Family history -- a significant way to improve cardiovascular disease risk assessment

February 22, 2012, University of Nottingham

A new study by researchers at The University of Nottingham has proved that assessing family medical history is a significant tool in helping GPs spot patients at high risk of heart disease and its widespread use could save lives.

Previous research has suggested that family history can be an indicator of a patient's risk of heart disease but at present family medical details are not systematically collected and used by GPs in cardiovascular risk assessment.

This first-ever into systematically collecting family history as part of assessment has identified a further five per cent of patients who would benefit from prevention measures. The researchers from the University's Division of Primary Care also found that the gathering of family is simple, low-cost and acceptable to patients.

Leading the study, Professor Nadeem Qureshi said: "Recently there has been great interest in performing genetic tests to identify individuals at high risk of heart disease, but our study has found that simply taking a detailed family history may be as effective, if not more, to identify these individuals. We are thrilled our research has been published in the prestigious international journal, which has highlighted the study in its Editorial, agreeing that it is time to take systematic family history collection more seriously."

The large was carried out in 24 doctors' practices in the East Midlands and South West England over a six month period. The practices were organised into 12 pairs of one control and one intervention practice each. 748 patients aged 30 to 65 with no previously diagnosed cardiovascular risk were studied.

In all patients the medical staff calculated a standard cardiovascular by inputting core risk factors like age, sex, smoking status, blood pressure and cholesterol into a . GPs usually use this score to predict a patient's 10 year risk for cardiovascular disease. In the intervention groups, clinicians also had patients fill in a questionnaire on family history of coronary heart disease. The patient's standard risk was multiplied by 1.5 if a family history of premature heart disease was identified. This is because a patient is more likely to develop Coronary Heart Disease (CHD) if they have a father or brother younger than 55 years who had CHD or a mother or sister younger than 65 with the disease.

Doctors invited patients identified as having a high risk (20 per cent or more) for developing heart disease in the next 10 years for a consultation. The risk was explained and advice offered on lifestyle changes such as diet, exercise and giving up smoking.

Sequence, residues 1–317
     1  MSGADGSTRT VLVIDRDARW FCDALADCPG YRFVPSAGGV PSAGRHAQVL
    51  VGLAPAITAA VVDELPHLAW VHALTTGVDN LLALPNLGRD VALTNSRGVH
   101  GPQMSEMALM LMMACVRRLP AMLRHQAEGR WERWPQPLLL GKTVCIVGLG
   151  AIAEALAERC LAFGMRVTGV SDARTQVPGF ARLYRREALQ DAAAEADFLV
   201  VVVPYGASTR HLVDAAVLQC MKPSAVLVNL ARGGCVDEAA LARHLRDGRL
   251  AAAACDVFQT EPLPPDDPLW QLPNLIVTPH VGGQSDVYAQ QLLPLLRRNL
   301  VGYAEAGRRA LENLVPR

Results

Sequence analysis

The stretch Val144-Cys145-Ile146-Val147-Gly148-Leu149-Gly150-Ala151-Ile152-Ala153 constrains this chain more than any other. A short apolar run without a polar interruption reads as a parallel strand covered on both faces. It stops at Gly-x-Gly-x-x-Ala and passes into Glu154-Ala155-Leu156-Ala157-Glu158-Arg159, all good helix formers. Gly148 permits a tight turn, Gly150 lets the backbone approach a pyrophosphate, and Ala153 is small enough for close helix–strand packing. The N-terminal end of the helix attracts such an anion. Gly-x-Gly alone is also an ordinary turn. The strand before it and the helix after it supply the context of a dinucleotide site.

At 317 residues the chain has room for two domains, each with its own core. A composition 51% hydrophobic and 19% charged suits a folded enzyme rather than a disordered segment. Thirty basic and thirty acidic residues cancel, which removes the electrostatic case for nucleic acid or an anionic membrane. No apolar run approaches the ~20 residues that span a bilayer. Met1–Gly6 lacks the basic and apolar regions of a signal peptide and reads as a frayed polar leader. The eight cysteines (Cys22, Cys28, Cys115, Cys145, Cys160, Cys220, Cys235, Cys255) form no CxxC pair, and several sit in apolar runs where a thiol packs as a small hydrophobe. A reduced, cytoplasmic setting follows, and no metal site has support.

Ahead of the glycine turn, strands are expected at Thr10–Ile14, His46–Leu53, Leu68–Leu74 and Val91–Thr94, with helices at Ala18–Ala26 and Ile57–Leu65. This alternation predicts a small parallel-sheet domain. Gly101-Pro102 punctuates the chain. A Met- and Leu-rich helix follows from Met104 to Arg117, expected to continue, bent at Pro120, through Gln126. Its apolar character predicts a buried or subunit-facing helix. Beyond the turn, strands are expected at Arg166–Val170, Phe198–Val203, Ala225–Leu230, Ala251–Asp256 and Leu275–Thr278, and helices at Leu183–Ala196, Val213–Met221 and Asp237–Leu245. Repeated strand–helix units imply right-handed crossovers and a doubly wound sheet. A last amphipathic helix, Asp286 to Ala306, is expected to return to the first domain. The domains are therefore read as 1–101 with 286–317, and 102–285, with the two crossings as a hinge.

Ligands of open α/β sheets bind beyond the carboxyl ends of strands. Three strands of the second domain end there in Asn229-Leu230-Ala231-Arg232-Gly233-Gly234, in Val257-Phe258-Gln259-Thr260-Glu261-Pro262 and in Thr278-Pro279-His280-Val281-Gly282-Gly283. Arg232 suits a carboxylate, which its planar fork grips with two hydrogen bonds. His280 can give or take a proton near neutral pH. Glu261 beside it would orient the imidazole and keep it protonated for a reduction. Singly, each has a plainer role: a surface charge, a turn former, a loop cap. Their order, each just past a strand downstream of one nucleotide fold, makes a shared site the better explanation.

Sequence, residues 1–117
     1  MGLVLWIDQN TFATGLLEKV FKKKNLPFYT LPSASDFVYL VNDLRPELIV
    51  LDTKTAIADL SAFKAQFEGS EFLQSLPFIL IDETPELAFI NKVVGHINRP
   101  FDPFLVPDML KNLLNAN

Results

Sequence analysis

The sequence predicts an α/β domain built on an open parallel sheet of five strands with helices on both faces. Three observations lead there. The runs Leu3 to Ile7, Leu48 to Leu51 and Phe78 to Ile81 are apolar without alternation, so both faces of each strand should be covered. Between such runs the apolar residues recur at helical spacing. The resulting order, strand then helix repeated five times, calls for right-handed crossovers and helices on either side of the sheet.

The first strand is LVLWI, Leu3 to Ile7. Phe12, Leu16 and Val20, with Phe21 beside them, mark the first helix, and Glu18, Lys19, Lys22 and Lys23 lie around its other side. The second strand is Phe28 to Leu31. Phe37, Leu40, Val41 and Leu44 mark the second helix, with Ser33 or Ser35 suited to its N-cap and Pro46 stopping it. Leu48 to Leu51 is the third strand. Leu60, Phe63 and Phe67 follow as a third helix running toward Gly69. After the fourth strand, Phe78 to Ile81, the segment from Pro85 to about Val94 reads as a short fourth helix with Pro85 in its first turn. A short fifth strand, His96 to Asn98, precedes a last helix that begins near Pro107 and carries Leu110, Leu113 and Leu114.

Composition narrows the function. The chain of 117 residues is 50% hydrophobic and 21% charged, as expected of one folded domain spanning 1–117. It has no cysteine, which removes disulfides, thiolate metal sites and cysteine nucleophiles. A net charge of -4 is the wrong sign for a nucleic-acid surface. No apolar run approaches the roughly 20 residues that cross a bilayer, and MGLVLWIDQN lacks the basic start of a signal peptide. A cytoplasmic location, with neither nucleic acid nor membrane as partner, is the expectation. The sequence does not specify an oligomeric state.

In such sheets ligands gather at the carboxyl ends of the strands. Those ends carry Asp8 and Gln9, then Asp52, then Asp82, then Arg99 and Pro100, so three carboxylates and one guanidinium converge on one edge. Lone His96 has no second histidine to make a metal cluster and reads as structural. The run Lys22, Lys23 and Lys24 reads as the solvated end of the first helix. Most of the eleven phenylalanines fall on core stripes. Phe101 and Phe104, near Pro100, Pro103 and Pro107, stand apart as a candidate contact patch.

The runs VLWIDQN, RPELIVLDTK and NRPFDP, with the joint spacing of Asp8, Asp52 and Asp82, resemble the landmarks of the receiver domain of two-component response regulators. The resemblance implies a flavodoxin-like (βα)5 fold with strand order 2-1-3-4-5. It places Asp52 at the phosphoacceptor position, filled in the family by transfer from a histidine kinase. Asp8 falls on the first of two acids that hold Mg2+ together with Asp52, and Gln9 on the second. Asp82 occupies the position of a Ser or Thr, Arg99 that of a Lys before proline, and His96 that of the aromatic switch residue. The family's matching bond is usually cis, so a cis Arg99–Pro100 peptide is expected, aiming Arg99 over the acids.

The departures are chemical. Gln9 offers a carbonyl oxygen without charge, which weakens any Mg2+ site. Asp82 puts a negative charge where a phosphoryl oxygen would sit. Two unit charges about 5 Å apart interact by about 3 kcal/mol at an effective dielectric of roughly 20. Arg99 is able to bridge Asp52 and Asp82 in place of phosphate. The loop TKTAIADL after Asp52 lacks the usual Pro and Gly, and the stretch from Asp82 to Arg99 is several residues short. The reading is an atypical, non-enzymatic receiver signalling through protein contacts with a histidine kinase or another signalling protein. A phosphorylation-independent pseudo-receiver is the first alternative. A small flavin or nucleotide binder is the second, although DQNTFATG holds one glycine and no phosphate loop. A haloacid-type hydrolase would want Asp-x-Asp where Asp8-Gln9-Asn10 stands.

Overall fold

The study found that the additional use of systematic family history in cardiovascular risk assessment almost doubles the proportion of individuals identified at high cardiovascular risk.

The research also concludes that the systematic identification of familial risk for CHD offers a potentially low-cost approach to targeting limited resources for screening and prevention interventions in those at high . The use of a self-completed tool to do this appears acceptable to patients without causing anxiety, and could lead to more CHD being prevented.

Explore further: Low risk? Women and young men responsible for large portion of heart attacks

Related Stories

Low risk? Women and young men responsible for large portion of heart attacks

November 16, 2011
In a contemporary cohort of acute heart attack patients, 70 percent of the patients were unaware they had coronary heart disease (CHD) prior to the event and 60 percent of those patients were women or young men. However, ...

Recommended for you

Researchers borrow from AIDS playbook to tackle rheumatic heart disease

January 22, 2018
Billions of US taxpayer dollars have been invested in Africa over the past 15 years to improve care for millions suffering from the HIV/AIDS epidemic; yet health systems on the continent continue to struggle. What if the ...

A nanoparticle inhalant for treating heart disease

January 18, 2018
A team of researchers from Italy and Germany has developed a nanoparticle inhalant for treating people suffering from heart disease. In their paper published in the journal Science Translational Medicine, the group describes ...

Starting periods before age of 12 linked to heightened risk of heart disease and stroke

January 15, 2018
Starting periods early—before the age of 12—is linked to a heightened risk of heart disease and stroke in later life, suggests an analysis of data from the UK Biobank study, published online in the journal Heart.

'Decorated' stem cells could offer targeted heart repair

January 10, 2018
Although cardiac stem cell therapy is a promising treatment for heart attack patients, directing the cells to the site of an injury - and getting them to stay there - remains challenging. In a new pilot study using an animal ...

Two simple tests could help to pinpoint cause of stroke

January 10, 2018
Detecting the cause of the deadliest form of stroke could be improved by a simple blood test added alongside a routine brain scan, research suggests.

Exercise is good for the heart, high blood pressure is bad—researchers find out why

January 10, 2018
When the heart is put under stress during exercise, it is considered healthy. Yet stress due to high blood pressure is bad for the heart. Why? And is this always the case? Researchers of the German Centre for Cardiovascular ...

0 comments

Please sign in to add a comment. Registration is free, and takes less than a minute. Read more

Click here to reset your password.
Sign in to get notified via email when new comments are made.